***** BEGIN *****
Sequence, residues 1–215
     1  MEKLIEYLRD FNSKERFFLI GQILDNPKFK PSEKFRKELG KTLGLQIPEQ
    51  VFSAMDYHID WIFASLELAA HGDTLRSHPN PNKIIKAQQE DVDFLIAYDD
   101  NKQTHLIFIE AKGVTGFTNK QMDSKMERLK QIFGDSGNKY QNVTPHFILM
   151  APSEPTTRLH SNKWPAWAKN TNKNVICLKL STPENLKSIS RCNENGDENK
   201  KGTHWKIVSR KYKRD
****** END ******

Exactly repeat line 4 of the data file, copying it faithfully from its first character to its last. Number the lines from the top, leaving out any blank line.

   101  NKQTHLIFIE AKGVTGFTNK QMDSKMERLK QIFGDSGNKY QNVTPHFILM